Given that Magu is secreted from hub cells, its localization could have suggested a more specific hypothesis for its action in the testis niche. However, magu protein localization among cells of the niche appears complex. An antibody we raised against an N-terminal portion of Magu exhibits punctate signal restricted among hub cells, and at the hub-GSC interface, but this serum was effective only sporadically. A second serum directed against a C-terminal peptide (Vuilleumier et al., 2010) robustly exhibits the same punctate pattern among hub cells, but also reveals a slightly extended distribution among stem cells and their daughters near the hub. Additionally, this serum revealed strong punctate signal likely among the extracellular matrix (ECM) near the hub. It is not possible at this time to distinguish whether the pool of Magu associated with ECM or the more generally distributed pool is active for GSC maintenance.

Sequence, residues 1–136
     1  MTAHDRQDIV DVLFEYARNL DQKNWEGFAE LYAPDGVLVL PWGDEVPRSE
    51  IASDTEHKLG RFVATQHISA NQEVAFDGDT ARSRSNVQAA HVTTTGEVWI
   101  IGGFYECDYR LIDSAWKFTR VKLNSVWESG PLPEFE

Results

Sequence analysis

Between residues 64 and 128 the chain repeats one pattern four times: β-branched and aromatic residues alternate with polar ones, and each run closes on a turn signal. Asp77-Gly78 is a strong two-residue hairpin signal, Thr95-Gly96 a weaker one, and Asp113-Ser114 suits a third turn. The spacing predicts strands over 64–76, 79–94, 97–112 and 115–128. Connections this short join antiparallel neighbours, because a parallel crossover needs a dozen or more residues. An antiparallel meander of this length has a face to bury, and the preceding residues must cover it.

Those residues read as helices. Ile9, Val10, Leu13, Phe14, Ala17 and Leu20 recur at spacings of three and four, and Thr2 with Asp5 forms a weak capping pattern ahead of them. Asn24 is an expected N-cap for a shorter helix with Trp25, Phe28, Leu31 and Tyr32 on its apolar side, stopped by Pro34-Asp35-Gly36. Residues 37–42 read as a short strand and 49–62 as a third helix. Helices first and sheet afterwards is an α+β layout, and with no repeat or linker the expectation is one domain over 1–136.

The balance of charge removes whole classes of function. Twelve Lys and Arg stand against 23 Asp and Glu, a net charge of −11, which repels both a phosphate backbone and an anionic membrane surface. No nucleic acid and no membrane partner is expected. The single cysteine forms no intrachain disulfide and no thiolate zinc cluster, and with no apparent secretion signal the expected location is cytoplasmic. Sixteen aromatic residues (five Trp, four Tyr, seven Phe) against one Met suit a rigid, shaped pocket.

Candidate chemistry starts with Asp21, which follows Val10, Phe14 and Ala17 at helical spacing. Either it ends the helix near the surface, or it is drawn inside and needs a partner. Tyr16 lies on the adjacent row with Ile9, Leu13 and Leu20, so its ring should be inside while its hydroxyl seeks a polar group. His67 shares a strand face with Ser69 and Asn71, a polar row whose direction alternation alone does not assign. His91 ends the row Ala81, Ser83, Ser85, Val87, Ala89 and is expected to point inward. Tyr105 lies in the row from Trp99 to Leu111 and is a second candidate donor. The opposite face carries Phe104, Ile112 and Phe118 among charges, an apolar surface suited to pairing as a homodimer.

However, considering the close proximity of hub cells to GSCs, it is simplest to envision that Magu acts along the hub cell-germline stem cell interface, where the interaction of BMP ligands and receptors occurs. It is possible that Magu facilitates interactions between BMPs and their receptors via formation of ternary ligand/Magu/receptor complexes. This model has been shown for Crossveinless 2 (Cv2), an extracellular BMP modulator engaged for crossvein patterning in the wing (Serpe et al., 2008). Cv2 can also bind to Dally, and the Cv2-HSPG interaction is likely important for normal BMP signaling in crossvein patterning (Serpe et al., 2008). Magu and its vertebrate orthologues SMOC1/2 have two Thyroglobulin type-1 repeats. It has been shown that proteins with such repeats can inhibit extracellular proteases (Mihelic and Turk, 2007). Thus, although Cv2 appears to have no effect on the function of Tolkin, the protease promoting BMP signaling in crossvein patterning (Serpe et al., 2008), it is reasonable to speculate that Magu may function as a protease inhibitor to protect BMP ligands from being degraded by extracellular proteases.